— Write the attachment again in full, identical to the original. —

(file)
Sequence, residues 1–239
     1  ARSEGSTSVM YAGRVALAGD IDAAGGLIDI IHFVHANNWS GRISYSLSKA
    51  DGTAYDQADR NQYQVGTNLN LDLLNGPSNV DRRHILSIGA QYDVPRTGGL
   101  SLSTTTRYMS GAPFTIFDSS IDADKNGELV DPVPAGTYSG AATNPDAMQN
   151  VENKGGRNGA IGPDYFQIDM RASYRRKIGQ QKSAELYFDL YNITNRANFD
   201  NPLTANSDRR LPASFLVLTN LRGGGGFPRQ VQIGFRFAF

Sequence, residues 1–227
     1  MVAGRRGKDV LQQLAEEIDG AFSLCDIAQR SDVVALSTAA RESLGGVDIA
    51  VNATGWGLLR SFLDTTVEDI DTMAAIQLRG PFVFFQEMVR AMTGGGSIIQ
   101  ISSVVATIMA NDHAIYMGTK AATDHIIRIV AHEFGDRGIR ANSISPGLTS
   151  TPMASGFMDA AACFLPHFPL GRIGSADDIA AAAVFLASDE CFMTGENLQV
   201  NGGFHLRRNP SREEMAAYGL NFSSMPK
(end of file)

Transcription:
Sequence, residues 1–239
     1  ARSEGSTSVM YAGRVALAGD IDAAGGLIDI IHFVHANNWS GRISYSLSKA
    51  DGTAYDQADR NQYQVGTNLN LDLLNGPSNV DRRHILSIGA QYDVPRTGGL
   101  SLSTTTRYMS GAPFTIFDSS IDADKNGELV DPVPAGTYSG AATNPDAMQN
   151  VENKGGRNGA IGPDYFQIDM RASYRRKIGQ QKSAELYFDL YNITNRANFD
   201  NPLTANSDRR LPASFLVLTN LRGGGGFPRQ VQIGFRFAF

Sequence, residues 1–227
     1  MVAGRRGKDV LQQLAEEIDG AFSLCDIAQR SDVVALSTAA RESLGGVDIA
    51  VNATGWGLLR SFLDTTVEDI DTMAAIQLRG PFVFFQEMVR AMTGGGSIIQ
   101  ISSVVATIMA NDHAIYMGTK AATDHIIRIV AHEFGDRGIR ANSISPGLTS
   151  TPMASGFMDA AACFLPHFPL GRIGSADDIA AAAVFLASDE CFMTGENLQV
   201  NGGFHLRRNP SREEMAAYGL NFSSMPK